Uruguay had Georgia on their minds at the Aussie Stadium on Tuesday night and will be in fine mind, if not body, to face England.
Uruguayans find plenty to celebrate
Their 24-12 win was greeted with such joy by the coaching staff in their little protected box high up in the stands, one was afraid they would come tumbling down to earth.
That may happen when they face an England team bent on showing the world that they really are contenders for the crown on Sunday.
But Uruguay will at least pay their adieu with only their second-ever World Cup victory tucked under their belts.
As for Georgia, they just wanted to end their World Cup odyssey with the victory that their passion, pride and growing support deserved.
Now after a brave, but tired performance, they bid farewell to their first tournament without a victory.
They leaked 200 points against 46 of their own and only crossed the opposition line once in four games.
But that mattered little as they trotted around the stadium with tired legs after the final to the rapturous applause of the crowd.
It was a showdown of the minnows in Pool C and spectators thronged in to show their support and created a cracking carnival atmosphere.
And it was not just Georgia's feverish entourage and a happy band of south Americans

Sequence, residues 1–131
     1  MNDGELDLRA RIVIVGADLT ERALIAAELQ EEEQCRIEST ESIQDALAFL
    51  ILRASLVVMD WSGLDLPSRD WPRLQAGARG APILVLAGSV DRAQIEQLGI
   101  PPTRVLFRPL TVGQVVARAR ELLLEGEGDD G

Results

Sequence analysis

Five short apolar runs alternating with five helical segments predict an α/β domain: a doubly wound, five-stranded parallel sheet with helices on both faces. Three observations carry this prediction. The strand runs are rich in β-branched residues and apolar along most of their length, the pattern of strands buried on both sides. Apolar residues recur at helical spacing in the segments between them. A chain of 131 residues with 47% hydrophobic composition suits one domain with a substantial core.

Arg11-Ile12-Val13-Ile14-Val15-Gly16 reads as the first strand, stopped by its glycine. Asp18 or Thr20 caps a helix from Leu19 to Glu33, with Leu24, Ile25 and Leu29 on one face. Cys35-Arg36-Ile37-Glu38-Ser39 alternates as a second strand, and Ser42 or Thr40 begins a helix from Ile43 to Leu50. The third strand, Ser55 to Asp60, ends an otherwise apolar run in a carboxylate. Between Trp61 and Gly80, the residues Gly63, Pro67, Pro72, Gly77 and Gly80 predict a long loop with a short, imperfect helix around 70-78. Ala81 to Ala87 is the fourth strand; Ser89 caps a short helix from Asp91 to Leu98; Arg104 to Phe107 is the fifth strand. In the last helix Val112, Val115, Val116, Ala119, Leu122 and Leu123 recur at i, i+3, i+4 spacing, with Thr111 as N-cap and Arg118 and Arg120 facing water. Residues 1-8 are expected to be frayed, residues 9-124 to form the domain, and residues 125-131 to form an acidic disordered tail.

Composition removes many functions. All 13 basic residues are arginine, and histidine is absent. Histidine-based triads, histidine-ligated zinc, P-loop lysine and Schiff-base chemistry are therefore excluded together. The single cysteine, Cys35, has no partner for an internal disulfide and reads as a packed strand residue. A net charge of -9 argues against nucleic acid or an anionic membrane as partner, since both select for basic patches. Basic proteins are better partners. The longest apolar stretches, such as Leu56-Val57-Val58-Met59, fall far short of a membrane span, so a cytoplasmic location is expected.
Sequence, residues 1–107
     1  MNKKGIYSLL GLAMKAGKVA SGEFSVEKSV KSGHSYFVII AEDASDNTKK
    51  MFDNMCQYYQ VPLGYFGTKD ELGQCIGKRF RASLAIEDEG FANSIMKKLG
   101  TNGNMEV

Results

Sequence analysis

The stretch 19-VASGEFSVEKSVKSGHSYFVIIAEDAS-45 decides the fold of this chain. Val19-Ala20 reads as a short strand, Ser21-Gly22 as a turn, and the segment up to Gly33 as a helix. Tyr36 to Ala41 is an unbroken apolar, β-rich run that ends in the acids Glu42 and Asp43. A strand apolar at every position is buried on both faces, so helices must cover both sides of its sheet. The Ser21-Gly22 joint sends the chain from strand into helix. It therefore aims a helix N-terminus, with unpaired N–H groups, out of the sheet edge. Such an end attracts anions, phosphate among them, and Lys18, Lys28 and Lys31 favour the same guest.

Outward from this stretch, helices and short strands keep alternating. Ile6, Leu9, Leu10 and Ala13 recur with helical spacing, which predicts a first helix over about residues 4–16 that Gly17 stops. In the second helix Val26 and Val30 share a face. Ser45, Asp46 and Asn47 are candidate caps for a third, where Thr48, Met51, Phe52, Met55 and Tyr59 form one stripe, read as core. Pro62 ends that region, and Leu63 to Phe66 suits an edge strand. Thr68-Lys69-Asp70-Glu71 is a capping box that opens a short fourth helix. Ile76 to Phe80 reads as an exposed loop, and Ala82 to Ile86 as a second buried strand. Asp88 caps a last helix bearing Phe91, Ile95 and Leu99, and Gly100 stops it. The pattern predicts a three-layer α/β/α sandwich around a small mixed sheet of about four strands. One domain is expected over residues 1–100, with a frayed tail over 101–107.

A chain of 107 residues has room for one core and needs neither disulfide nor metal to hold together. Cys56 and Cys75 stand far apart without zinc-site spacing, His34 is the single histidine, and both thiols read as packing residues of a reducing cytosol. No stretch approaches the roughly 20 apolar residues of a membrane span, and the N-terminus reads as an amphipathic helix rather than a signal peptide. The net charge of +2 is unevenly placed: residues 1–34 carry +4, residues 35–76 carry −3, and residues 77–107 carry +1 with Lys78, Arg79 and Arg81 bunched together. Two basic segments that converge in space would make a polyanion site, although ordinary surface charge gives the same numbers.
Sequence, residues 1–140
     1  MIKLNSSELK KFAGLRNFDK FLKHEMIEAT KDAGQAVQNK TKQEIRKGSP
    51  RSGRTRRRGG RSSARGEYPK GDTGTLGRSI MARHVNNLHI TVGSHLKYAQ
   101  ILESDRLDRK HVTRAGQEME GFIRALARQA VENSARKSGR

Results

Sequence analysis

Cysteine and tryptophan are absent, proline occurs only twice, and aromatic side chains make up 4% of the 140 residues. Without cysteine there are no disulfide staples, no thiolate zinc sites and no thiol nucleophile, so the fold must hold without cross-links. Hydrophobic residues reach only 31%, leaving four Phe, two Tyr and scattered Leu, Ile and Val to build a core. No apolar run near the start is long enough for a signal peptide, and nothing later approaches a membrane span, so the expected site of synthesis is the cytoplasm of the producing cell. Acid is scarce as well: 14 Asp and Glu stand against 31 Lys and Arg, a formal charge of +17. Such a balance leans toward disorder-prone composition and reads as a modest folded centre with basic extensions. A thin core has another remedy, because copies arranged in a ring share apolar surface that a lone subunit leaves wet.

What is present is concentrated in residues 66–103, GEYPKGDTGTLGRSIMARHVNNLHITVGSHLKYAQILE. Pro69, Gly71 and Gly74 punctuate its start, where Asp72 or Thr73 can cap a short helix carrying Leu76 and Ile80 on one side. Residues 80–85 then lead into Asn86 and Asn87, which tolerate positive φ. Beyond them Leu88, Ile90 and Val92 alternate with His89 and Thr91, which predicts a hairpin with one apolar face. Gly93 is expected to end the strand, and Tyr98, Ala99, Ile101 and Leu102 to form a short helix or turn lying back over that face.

The Australian public, whose sporting instincts would allow them to travel in droves to watch any contest, no matter how trivial, were out in force.
There was even traffic gridlock on the approach to the confines of the marvellous sporting complex at Moore Park.
Scantily-dressed can-can girls welcomed spectators at the main gates.
Punters received a warm welcome
One Australian girls' school had adopted Georgia, and, adorned in maroon and white body paint and armour, proceeded to deafen the gathered audience, which inside the stadium numbered an incredible 28,576.
It was a cup final for these two minor rugby protagonists, particularly with the William Webb Ellis trophy sitting on the halfway line. A nice touch that.
Although constantly described as 'minnows' they still put in the big hits, kick prodigious distances, induce a level of pace into the game, have a certain canniness and scoring ability, and do the same jig at line-outs like everyone else.
It is just that their error rate is higher and the fitness levels lower, leaving them short of puff when it matters.
But for all that you could see the enjoyment in their faces.
They may be short of money and have to work hard on numbers playing the game back home, but that does not stop them having a ball.
It was Uruguay who had the more steel and nous in the end.
They have characters, like the front row duo of Rodrigo Sanchez and Diego Lamelas, who would not look out of place in the Zurich Premiership.
Their skipper, Diego Aguirre, is a leader of men and it was his break that lead to the clinching try late in the game, scored by replacement Nicolas Brignoni.
His effort killed off Georgia and it nearly had coach Diego Ormaechea and assistant Marcelo Nicola Horta garrotting each other in celebration.
Come Sunday they may not be in such a contented mood, but they will leave the tournament happy.